• The eukaryotic green alga Dunaliella tertiolecta acclimates to decreased growth irradiance by increasing cellular levels of light-harvesting chlorophyll protein complex apoproteins associated with photosystem II (LHCIIs), whereas increased growth irradiance elicits the opposite response. Nuclear run-on transcription assays and measurements of cab mRNA stability established that light intensity-dependent changes in LHCII are controlled at the level of transcription. cab gene transcription in high-intensity light was partially enhanced by reducing plastoquinone with 3-(3,4-dichlorophenyl)-1,1-dimethyl urea (DCMU), whereas it was repressed in low-intensity light by partially inhibiting the oxidation of plastoquinol with 2,5-dibromo-3-methyl-6-isopropyl-p-benzoquinone (DBMIB). Uncouplers of photosynthetic electron transport and inhibition of watermore » splitting had no effect on LHCII levels. These results strongly implicate the redox state of the plastoquinone pool in the chloroplast as a photon-sensing system that is coupled to the light-intensity regulation of nuclear-encoded cab gene transcription. The accumulation of cellular chlorophyll at low-intensity light can be blocked by cytoplasmically directed phosphatase inhibitors, such as okadaic acid, microcystin L-R, and tautomycin. Gel mobility-shift assays revealed that cells grown in high-intensity light contained proteins that bind to the promoter region of a cab gene carrying sequences homologous to higher plant light-responsive elements. On the basis of these experimental results, we propose a model for a light intensity signaling system where cab gene expression is reversibly repressed by a phosphorylated factor coupled to the redox status of plastoquinone through a chloroplast protein kinase. 54 refs., 5 figs.« less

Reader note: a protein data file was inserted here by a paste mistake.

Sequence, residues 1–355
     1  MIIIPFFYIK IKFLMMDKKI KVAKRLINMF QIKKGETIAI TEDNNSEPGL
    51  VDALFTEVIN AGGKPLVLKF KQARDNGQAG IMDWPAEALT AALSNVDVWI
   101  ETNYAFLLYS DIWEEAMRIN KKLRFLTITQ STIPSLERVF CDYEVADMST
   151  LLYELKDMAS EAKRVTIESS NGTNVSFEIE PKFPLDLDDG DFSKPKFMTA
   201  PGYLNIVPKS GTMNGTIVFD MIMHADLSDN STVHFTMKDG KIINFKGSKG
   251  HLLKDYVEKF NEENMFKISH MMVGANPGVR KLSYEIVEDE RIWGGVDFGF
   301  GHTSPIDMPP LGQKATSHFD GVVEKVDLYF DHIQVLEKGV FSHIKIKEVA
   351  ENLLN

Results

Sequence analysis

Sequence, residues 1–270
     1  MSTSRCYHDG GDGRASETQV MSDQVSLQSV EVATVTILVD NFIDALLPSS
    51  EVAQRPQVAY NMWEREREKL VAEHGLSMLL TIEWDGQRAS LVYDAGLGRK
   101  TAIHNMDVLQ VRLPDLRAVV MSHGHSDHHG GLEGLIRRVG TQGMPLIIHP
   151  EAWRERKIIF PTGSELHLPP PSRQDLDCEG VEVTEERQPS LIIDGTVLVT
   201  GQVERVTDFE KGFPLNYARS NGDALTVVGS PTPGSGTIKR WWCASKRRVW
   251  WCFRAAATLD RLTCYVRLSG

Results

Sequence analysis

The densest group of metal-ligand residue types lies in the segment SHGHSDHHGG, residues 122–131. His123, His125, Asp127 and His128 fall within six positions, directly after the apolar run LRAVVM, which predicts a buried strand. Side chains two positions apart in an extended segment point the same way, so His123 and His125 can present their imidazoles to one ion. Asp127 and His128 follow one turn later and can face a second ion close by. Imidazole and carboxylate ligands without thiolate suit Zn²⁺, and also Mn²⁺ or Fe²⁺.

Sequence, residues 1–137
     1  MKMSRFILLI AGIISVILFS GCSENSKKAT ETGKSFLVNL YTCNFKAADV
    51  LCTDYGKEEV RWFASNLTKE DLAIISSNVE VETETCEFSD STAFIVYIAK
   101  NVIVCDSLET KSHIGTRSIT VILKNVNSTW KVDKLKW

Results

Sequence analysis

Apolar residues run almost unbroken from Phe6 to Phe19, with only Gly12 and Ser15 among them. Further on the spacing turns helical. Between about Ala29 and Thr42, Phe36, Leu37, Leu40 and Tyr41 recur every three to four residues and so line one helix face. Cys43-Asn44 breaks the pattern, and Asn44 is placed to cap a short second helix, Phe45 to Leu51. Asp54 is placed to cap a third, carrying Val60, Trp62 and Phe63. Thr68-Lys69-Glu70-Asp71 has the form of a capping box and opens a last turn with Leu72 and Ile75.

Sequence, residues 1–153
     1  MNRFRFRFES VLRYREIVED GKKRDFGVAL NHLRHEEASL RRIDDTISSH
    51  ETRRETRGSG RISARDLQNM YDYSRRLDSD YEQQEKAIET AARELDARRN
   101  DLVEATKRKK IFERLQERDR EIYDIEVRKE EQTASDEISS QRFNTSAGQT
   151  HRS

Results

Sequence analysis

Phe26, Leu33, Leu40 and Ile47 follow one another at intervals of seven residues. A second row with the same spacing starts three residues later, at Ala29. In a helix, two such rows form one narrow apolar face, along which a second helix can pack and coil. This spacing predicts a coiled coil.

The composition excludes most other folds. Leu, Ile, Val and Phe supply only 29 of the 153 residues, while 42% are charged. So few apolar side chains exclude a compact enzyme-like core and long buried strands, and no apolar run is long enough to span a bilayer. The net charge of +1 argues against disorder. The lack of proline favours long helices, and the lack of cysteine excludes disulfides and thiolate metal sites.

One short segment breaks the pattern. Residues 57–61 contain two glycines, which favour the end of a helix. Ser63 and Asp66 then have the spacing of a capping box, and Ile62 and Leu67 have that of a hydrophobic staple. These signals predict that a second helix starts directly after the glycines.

• The utility of a recycled flow system for the efficient quantitative analysis of NMR spectra is demonstrated. Requisite conditions are first established for the quantitative flow experiment and then applied to a variety of compounds. An application of the technique to determination of the average polymer chain length for a silicone polymer by quantitative flow /sup 29/Si NMR is also presented. 10 references, 4 figures, 3 tables.
  • A recycled flow Fourier transform nuclear magnetic resonance system is evaluated for analytical utility. It is demonstrated to have wide applicability, particularly for the observation of nuclei with long relaxation times or negative nuclear Overhauser effects. Signal to noise improvements of a factor of 2-10 are demonstrated for /sup 13/C, /sup 31/P, /sup 113/Cd, /sup 29/Si, and /sup 15/N NMR spectra of model compounds. The approach is shown to be compatible with the use of immobilized free radicals which reduce required premagnetization volumes and with spectral editing techniques (e.g., distortionless enhancement by polarization transfer (DEPT)). 19 references, 8 figures, 4more » tables.« less